ECONOMY

Lotus Plans China Pivot and Hints at Embrace of Lifestyle Models

After churning out low-slung sports cars for race tracks and roads in low numbers for seven decades, Lotus Cars is being pulled into the auto industry’s inescapable love affair with the boxy SUV.

The company majority-owned by China’s Zhejiang Geely Holding Group is building a new plant in Wuhan, China, where it will make “lifestyle vehicles,” Managing Director Matt Windle said in an interview. The factory will have annual capacity in excess of 10,000 vehicles, and Lotus will continue to build its sports cars in Hethel, England, where it expects to triple production over time from the 1,600 cars it aims to sell this year, he said.

“We’re always pushing for lightweight, we’re always pushing for the best dynamics, we’re always pushing for the best aerodynamic mix,” Windle said. “But now what we need to do is add technology to that and offer wider range and better-quality products to our customers.”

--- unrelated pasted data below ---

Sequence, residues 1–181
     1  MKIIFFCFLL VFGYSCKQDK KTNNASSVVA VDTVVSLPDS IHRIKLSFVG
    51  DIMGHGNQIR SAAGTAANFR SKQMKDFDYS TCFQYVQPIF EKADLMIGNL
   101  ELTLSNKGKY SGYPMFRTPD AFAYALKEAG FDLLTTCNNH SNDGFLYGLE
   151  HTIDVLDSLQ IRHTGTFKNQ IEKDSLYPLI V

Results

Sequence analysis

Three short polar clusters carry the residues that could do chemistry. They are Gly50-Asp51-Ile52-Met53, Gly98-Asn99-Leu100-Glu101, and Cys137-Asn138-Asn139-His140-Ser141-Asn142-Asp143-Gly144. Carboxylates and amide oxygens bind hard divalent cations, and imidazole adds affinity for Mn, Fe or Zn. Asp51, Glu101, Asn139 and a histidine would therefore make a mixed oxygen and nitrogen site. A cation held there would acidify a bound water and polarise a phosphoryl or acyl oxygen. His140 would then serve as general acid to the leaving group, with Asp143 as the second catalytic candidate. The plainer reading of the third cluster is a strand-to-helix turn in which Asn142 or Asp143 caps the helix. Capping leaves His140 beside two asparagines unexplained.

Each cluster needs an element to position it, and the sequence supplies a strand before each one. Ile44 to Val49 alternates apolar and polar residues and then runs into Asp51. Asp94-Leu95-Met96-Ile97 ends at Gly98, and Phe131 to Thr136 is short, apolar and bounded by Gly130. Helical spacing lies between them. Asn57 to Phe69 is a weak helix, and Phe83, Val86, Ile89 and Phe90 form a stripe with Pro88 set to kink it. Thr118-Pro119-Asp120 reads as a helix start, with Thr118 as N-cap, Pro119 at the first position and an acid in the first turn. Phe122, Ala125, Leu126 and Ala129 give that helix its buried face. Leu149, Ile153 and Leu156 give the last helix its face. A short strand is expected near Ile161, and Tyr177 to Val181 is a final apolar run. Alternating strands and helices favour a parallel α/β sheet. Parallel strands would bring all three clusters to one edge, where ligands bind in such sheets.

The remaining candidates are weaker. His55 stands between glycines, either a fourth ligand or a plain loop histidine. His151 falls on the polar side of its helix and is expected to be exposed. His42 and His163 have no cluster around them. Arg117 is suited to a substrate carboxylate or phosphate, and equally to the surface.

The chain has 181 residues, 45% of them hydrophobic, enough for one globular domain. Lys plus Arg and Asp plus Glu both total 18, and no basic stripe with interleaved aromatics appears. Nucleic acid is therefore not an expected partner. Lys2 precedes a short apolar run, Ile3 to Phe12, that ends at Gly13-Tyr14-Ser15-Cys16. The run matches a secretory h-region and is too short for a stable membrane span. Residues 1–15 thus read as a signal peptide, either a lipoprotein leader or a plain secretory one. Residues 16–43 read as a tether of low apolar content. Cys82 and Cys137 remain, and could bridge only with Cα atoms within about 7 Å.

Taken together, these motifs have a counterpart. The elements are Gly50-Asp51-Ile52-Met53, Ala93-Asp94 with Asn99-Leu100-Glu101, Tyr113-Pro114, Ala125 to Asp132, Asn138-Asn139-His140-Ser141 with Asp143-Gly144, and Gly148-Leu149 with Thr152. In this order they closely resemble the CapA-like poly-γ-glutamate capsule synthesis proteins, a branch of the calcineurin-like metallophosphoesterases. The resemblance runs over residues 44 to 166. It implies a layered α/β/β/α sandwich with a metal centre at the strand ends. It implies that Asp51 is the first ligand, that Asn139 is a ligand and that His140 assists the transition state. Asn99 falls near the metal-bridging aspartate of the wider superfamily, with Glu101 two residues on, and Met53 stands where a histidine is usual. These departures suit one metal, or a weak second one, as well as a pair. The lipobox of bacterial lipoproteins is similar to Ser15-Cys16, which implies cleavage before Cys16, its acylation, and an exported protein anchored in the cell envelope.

Windle declined to reveal the specifics of the lifestyle vehicles other than to say that they would be electrified. An SUV would be a major shift for Lotus, known for its lightweight, well-handling models like the Elise or the wedge-shaped Esprit favored by James Bond. Luxury carmakers from Aston Martin Lagonda Global Holdings Plc to Automobili Lamborghini and even Rolls-Royce Motor Cars have introduced SUVs to lure well-heeled buyers in developing markets.

Owner Geely is considering raising about $1 billion to help Lotus expand in China’s electric-vehicle market, people familiar with the matter said earlier this month. Like many other carmakers, Lotus is retreating from the combustion engine and moving its portfolio to electric vehicles. The company will begin sales of its long-awaited Emira sports car in July, its last gasoline-only model. Deliveries will begin next year.

The carmaker is also continuing discussions on a new electric sports-car platform it is developing with Renault SA’s Alpine unit.

“We want to significantly grow our volumes, which will then grow our revenues, which will allow us to be self-sustaining and deliver many more of the products in the future that our customers want,” Windle said.

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